February 11th, 2022
1. The US and Mexico agree on a clean energy generation plan
President Andrés Manuel López Obrador met with the United States Presidential Special Envoy for Climate, John Kerry, who proposed accelerating the use of technology to jointly develop clean energy in North America. The Ministry of Foreign Affairs (SER) will oversee the work groups between the two countries to build channels of communication and cooperation on the matter.
Within the framework of the Open Parliament to discuss the energy reform, official visits, as well as statements by US officials have increased due to the need to protect investments in the country and comply with the requirements established in the T-MEC. The energy agenda will remain a point of tension for the relationship between the two countries due to the prolongation of parliament and the fact that the constitutional changes have not yet been discussed in the legislative commissions of Congress.
2. Mexico’s foreign policy and its trade relations
Mexico became the second largest trading partner of the United States, despite the entry into force of the USMCA in 2020. With an accumulated value of USD $2.83 billion, the largest suppliers of US imports depend on China with 17.9%, Mexico, with 13.6% and Canada up to 12.%. The United States Census Bureau reported that Mexico reduced its share of the number of imported products, going from 13.9% in 2020 to 13.6% in 2021.
At the same time, Mexican foreign relations are going through a tense climate, specifically with the Spanish government. This after a statement by President Andrés Manuel López Obrador to put relations between Spain and Mexico “on pause”. In this sense, the position of the Mexican government could permeate other diplomatic channels both in Europe and in North America, causing alterations to the certainty of investments and the rule of law itself in the short term.
3. Inflation reaches the highest levels in 20 years
Inflation recorded its second slowdown in January. The level reported by the National Institute of Statistics and Geography (Inegi) was the highest for the beginning of the year since 2001. The National Consumer Price Index (INPC) stood at 7.07% per year, consumer prices showed an increase of 0.59% compared to last month. This data exceeded the expectations of the Mexican market itself.
The Bank of Mexico (Banxico) raised the reference interest rate by 50 basis points, up to 6%, the sixth time that Banxico has raised this rate and the second time it determined 50 points. The outlook for consumer prices is for them to increase an average annual 4% in the last quarter of 2022. Likewise, the Mexican peso strengthened against the dollar, closing at 20.48 units per dollar derived from the anticipated forecast of the increase in the rate of Central bank.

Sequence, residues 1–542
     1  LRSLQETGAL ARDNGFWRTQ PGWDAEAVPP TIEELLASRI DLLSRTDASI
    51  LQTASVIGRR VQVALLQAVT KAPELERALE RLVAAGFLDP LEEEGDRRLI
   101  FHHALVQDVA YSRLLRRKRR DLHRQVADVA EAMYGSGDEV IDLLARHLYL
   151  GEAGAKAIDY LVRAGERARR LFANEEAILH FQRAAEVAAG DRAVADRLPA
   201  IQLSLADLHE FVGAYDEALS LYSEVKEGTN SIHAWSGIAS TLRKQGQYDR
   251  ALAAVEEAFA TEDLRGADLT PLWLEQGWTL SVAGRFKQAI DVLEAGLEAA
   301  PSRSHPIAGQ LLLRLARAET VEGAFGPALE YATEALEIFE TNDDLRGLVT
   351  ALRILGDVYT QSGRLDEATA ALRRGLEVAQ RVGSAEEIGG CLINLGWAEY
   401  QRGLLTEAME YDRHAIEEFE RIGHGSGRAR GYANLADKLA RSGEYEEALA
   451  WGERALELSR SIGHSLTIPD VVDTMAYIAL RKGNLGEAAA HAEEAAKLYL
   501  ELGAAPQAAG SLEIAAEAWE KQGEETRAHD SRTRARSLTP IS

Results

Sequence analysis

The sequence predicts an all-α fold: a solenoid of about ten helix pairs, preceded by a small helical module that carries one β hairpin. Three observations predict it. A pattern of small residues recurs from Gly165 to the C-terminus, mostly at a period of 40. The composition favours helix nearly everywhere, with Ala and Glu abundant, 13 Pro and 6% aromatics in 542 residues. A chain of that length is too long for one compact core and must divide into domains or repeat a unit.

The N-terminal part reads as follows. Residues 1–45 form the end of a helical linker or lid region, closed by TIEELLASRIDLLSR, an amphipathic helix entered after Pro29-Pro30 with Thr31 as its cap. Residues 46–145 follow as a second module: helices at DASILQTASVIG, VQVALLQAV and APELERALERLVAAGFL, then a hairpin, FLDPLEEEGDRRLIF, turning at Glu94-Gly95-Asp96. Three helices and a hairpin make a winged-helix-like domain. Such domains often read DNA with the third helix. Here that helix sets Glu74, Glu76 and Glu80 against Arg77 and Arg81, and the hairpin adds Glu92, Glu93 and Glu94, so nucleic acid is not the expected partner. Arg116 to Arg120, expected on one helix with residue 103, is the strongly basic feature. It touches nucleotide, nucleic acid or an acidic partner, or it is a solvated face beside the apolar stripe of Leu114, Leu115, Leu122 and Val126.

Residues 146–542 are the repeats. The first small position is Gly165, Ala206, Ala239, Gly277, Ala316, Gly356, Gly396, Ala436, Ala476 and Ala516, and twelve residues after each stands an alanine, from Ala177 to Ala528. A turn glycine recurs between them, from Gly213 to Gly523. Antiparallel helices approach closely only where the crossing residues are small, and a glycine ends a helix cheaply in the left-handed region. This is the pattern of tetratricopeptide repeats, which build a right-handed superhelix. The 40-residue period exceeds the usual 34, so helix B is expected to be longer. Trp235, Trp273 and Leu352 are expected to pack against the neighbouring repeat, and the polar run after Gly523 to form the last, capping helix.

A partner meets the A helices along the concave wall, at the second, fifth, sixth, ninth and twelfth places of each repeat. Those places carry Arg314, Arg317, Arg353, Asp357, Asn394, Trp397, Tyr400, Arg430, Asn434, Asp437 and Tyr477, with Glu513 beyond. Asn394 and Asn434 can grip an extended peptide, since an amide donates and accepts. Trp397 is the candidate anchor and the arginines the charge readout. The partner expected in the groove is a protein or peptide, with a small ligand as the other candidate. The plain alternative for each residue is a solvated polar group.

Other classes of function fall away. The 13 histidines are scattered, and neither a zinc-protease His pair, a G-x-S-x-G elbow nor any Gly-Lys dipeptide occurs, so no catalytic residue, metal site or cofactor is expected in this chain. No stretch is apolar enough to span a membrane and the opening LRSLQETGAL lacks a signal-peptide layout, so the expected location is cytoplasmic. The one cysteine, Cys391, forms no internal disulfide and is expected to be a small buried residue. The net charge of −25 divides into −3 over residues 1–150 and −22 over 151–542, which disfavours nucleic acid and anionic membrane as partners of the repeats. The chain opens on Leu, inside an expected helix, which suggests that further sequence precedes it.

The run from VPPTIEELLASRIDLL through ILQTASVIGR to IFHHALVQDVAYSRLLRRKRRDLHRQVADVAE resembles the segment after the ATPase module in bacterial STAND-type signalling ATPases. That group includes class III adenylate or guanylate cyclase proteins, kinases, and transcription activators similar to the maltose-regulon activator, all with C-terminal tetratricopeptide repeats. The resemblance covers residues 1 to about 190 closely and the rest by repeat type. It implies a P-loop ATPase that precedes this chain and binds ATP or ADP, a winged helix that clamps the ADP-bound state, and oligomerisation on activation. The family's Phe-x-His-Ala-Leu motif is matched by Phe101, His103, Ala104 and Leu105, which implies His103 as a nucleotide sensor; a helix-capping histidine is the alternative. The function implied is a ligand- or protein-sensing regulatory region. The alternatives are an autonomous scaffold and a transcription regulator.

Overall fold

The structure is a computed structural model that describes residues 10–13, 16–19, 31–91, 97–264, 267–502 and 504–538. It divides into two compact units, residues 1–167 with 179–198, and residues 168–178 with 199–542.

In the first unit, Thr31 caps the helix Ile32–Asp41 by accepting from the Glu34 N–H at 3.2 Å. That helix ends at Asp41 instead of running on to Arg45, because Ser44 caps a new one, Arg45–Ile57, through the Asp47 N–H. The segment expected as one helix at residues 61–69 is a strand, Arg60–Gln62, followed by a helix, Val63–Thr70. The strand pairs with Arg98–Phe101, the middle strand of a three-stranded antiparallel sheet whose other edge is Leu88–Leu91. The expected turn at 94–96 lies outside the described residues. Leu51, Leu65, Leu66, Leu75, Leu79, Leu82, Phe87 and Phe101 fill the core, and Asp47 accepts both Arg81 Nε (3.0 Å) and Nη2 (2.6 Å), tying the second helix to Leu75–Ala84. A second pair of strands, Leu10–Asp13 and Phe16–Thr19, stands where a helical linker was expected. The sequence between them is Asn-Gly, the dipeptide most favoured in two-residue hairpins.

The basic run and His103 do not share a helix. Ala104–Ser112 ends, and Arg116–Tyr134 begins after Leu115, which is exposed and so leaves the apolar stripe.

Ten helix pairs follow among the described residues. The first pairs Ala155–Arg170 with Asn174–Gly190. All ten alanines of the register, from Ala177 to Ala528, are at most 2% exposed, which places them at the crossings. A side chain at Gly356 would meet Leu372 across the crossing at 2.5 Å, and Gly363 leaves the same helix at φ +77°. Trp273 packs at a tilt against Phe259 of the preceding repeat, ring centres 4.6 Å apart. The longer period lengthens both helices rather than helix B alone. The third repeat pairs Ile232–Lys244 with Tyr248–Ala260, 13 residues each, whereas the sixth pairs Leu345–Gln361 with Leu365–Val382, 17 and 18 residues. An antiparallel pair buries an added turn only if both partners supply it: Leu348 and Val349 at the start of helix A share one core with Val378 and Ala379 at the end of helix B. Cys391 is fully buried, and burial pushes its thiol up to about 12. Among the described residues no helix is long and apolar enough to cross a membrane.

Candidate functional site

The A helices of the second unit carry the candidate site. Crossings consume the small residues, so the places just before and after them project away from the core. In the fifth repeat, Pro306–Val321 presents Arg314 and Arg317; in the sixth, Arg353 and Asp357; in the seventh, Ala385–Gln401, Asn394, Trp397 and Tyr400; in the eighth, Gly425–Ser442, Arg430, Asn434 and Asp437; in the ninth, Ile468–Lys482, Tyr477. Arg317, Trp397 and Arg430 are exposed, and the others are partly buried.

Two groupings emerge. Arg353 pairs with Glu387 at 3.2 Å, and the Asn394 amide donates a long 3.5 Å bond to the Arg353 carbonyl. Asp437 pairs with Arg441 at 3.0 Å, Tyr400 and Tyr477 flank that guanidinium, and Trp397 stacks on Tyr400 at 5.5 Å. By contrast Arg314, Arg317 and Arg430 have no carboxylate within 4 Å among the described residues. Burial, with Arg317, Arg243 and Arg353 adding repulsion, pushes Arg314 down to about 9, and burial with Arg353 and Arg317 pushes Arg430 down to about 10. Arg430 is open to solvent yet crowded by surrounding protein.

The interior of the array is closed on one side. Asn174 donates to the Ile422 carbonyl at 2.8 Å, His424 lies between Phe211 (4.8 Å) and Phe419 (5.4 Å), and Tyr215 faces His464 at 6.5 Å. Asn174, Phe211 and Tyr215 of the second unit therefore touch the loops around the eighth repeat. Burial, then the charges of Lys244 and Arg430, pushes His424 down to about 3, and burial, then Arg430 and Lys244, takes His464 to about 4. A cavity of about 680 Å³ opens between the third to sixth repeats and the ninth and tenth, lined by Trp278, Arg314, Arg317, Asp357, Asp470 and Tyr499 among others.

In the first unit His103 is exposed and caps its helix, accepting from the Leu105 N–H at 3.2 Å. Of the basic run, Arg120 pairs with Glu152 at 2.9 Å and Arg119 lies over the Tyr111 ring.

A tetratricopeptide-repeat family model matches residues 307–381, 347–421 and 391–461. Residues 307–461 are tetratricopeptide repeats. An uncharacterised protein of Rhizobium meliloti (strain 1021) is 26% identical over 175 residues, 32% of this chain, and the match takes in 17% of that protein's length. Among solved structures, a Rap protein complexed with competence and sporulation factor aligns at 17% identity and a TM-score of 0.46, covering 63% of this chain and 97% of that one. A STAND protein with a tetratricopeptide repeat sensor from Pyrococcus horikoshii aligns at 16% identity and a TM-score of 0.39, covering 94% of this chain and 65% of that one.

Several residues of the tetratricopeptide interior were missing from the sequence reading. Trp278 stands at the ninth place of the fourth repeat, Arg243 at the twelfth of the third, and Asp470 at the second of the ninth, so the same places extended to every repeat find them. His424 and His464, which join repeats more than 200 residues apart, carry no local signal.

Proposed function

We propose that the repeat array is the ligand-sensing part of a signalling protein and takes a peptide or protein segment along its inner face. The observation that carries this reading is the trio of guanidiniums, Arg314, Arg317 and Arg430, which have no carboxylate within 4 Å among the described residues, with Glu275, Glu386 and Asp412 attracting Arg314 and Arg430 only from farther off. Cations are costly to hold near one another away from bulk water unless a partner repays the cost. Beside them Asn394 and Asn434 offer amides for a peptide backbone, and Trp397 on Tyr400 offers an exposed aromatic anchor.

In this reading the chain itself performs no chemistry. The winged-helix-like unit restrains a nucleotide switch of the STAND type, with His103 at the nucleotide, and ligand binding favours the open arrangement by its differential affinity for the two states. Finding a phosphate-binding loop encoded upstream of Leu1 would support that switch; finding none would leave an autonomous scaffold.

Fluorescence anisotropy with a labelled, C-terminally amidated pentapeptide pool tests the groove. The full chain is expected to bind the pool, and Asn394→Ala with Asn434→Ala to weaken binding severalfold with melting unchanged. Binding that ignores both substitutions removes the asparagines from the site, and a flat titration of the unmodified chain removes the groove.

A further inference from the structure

4. IFT authorizes 5G use to América Móvil
The Federal Telecommunications Institute (IFT) authorized Telcel, a company owned by engineer Carlos Slim, to offer 5G technology services. The decision allows the use and exploitation of the frequency bands of the radioelectric spectrum to increase the coverage of the range of mobile wireless access services in Mexico. For this operation, the Mexican state will receive resources for the payment of rights more than MXN $900 million per month.
In addition, Daniel Hajj, CEO of América Móvil, pointed out that Telcel plans to launch its 5G network in 90% of the countries in which it operates. The institute’s decision will allow the design and use of the infrastructure to be increased, which will make this company’s infrastructure the largest commercial 5G network in Latin America.
5. Digital information theft increases in Mexico
The general director of Metabase Q, Mauricio Benavides, explained that the kidnapping of information from companies increased 400% in 2021. The most affected sector was small and medium-sized companies. A study carried out by the Internet Association in Mexico revealed that last year five out of 10 users were victims of fraud, among the most common being information theft, financial fraud, identity theft and leaks of sensitive information.
The study places Mexico in 11th place worldwide in Mexico for the number of cyberattacks, and in second place in Latin America. In the financial stability report of the Bank of Mexico (Banxico) it stands out that since 2020, ransomware has remained one of the highest cyber risks for financial institutions in the country, which has even increased company spending.